July 28, 2008

INTERVIEW - Katherine Dunn on Geek Love and How Monsters Are Made

Katherine Dunn's novel Geek Love does things to your brain that can never be undone. It's one of those delicious reads where you recoil from the gruesome details while savoring every morsel of character development, until eventually you lose the ability to tell which are which. It's on my short list of books that I think would be just as significant and relevant if it was published today -- although I get a kick out of the idea of it being written during the Reagan administration.

Dunn sent me the answers to a few questions (as well as a remarkable author photo snapped by Carole Delogu-- click the image at left for an unobstructed view) for my latest Monsterfest feature, where you can see which scary movies get under her skin. However, as her new work of nonfiction, One Ring Circus, is coming out next year, I knew I'd have to turn in my interviewing badge unless I made sure to talk to her about boxing. I present to you the following mementos that I wasn't able to shoehorn into my AMC piece:

TB: I've noticed that many younger readers have become obsessed with Geek Love and find it to be a powerful commentary on adolescence. Did you anticipate this?

KD: No. I loved writing the book but most of the time I couldn’t imagine anyone reading it. I figured I’d run off a few copies at Kinko’s and force them on my friends. My notion was to light a fuse in my brain and ride the blast as far as it would take me. And try not to be boring in the process.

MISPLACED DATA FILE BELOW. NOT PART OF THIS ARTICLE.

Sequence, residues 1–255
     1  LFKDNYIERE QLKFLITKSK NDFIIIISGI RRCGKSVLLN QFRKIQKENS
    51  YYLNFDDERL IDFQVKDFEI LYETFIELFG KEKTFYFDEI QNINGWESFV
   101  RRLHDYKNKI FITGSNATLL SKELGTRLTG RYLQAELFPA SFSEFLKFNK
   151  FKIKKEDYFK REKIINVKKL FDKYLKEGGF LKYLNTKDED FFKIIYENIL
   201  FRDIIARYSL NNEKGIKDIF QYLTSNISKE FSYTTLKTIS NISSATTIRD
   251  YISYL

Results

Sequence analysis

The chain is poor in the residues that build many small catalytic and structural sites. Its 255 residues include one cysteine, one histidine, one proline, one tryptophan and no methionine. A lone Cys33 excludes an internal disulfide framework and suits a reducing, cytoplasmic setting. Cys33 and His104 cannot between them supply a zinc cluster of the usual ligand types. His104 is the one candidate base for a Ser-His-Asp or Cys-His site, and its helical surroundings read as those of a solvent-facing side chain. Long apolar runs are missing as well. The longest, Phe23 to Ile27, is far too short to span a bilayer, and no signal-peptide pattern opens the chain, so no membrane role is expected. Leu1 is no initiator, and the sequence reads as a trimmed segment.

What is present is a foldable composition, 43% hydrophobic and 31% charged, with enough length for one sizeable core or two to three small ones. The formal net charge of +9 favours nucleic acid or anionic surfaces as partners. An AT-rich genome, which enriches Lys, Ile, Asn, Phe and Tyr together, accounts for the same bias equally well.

The fact that some people have responded strongly to the book continues to amaze me. And please me.

TB: I read your defense of Mike Tyson after the Holyfield match. It seems that when a person becomes notoriously "monstrous," others quickly become reluctant to attribute his or her actions to logical or human motivations. Why do you think this is?

KD: It’s interesting, isn’t it? I suspect it goes back to the constant need to define ourselves by denying what we hope or wish we are not. And of course we define our enemy—whoever that may be at the moment—as all that other stuff. War propaganda works the same way. It’s always those other guys doing the torture and extermination, tossing the babies up and catching them on bayonets, and what not. Those other guys don’t have any respect for…decency…civil rights…human life…the Geneva Conventions. They’re not like US. They’re different. They’re monsters.

Probably the ability and the need—to identify and brand the stranger, the mutant, the enemy, has ancient roots and is a crucial survival trait but, as usual, we humans get carried away. Moderation was never our forte.

1 comment:

Dantalion Jones (formerly JK Ellis) said...

Judgement is a lot easier than understanding.

Calling someone a "monster" or "crazy" is a very simple way to avoid trying to understand them.

Understanding them would also mean that what they do we are also capable of and that can be a real shock to the psyche.